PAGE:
From Capitalism to Talentism

by 07 Feb 2012

One of the big themes of the 2012 World Economic Forum meeting in Davos was job creation. Klaus Schwab, Executive Chair said: “The success of any national and business model for competitiveness in the future will be less based on capital and much more based on talent. I define this transition as moving from capitalism to talentism.”

Fundamentally, at a corporate level, the challenge for a CEO and their Talent Council colleagues is to identify where talent – which is better than the competitors – is needed for the execution of strategy.

I doubt any CEO would disagree that their particular approach to managing is constructed from their business strategy, influencing which ratios get measured and monitored. You may have the capital and other levers, but without the right quantity and quality of talent, now and in the future, execution is constrained.

To ensure business and talent strategies are tightly fused, start with the outcome in mind. The steps to build a defensible, diverse bench of talent ahead of less prepared competitors are:

Underpin commerciality. Considered efforts to attract, select, retain, engage and develop the right people should be directed at lead-business lines, critical market segments, service value, current key client groups or targeted new clients. This includes developing talent capability for new revenue streams, evolving business-models and cross-silo collaboration or innovation initiatives.

Counter uncertainty. Talent management has to work ahead of the curve.

Develop a range of scenarios to build a picture of how the external environment will affect the organisation, and how the business will respond from a talent perspective. Each scenario should be drawn from the most relevant issues to the company. What emerges is a true talent planning document and not just a head-count budgeting process.

Reduce pipeline risks. The focus should be on critical roles - not only key people. On the list must be those positions that transact or make a significant contribution to core business activities; those that potentially will become core under a future strategy; hard to fill roles or require specialised training; and those with large reporting numbers. Do employee demographics alter plans? Consider unwanted vacancies: would you be able to replace or up-skill and how quickly could a new employee exceed break-even?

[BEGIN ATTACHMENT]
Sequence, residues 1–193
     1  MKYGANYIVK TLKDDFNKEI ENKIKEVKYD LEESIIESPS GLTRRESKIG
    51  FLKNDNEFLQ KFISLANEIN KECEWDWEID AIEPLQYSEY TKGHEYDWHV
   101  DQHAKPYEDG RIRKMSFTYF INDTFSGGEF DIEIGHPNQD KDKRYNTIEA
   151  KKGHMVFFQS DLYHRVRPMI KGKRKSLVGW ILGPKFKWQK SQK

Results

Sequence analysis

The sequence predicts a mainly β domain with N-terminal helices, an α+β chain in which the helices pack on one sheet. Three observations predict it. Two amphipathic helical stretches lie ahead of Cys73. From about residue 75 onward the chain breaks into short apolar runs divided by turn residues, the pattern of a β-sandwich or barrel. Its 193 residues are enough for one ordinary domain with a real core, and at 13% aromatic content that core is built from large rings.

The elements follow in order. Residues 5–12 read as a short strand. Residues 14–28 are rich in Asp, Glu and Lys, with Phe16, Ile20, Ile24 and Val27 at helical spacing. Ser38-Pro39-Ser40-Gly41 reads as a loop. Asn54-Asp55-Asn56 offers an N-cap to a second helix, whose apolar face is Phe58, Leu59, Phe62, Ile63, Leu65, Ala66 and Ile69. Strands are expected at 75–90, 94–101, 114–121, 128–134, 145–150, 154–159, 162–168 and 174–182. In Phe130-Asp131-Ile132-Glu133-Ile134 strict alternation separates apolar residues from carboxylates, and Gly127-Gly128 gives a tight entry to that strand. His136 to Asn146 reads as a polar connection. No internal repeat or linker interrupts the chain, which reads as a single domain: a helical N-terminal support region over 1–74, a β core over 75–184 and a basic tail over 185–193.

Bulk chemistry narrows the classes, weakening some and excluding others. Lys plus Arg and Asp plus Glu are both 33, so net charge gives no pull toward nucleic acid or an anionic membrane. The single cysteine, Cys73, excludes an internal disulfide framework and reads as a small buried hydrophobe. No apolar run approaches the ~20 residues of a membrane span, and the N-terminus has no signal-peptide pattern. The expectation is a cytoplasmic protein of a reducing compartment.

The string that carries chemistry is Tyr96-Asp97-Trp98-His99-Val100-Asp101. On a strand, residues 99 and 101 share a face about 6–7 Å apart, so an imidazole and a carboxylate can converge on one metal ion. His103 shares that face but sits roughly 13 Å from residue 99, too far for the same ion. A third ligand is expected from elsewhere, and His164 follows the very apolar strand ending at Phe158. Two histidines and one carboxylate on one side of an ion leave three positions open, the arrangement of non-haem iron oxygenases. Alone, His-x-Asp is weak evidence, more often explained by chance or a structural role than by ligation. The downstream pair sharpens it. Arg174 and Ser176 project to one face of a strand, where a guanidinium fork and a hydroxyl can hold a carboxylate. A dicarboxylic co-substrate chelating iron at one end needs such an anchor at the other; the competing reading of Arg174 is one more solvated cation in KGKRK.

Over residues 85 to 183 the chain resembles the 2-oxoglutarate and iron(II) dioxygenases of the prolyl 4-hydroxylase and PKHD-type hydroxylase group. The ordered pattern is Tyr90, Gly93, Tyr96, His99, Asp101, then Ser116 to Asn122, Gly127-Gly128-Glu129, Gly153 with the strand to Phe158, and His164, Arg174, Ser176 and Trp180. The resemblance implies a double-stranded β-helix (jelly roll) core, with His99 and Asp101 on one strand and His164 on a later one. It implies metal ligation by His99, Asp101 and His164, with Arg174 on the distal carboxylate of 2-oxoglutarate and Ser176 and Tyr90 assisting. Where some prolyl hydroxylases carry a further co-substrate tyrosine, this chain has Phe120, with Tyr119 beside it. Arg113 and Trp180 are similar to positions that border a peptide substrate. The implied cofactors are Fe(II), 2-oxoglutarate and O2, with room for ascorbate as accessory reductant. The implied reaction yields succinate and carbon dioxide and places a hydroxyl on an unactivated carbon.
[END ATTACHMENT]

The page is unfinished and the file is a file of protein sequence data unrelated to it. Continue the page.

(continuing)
Narrow gaps in talent markets. Looking outside the company helps form a view of community and demographic trends that impact supply sources for critical jobs. Closing any gaps may require alternative strategies such as partnerships with the education sector, investment in retraining, rethinking career paths or experience profiles and redesigning position descriptions.

Measure impact. A persistent issue for the talent management function is demonstrating a return on investment. Setting meaningful lead and lag human capital metrics provides insight to senior management. What savings or costs are realised in filling skills gaps, resourcing and developing for future needs, mobility and expatriate trends, rewarding high-performers and other strategic talent decisions.

Talent management is not an end in itself. It is not a one-time event or a range of tactics. It is forward looking and pro-active with a clear mission on enabling strategic business objectives. It requires executive acumen in developing talent excellence at all levels. Success in building a diverse and sustainable talent pipeline is a competitive differentiator.


About the author

Dianne Jacobs is founding principal of boutique talent capital consulting and executive coaching firm,  The Talent Advisors  and a former partner at Goldman Sachs JBWere. She tweets on leadership via @talentadvisors (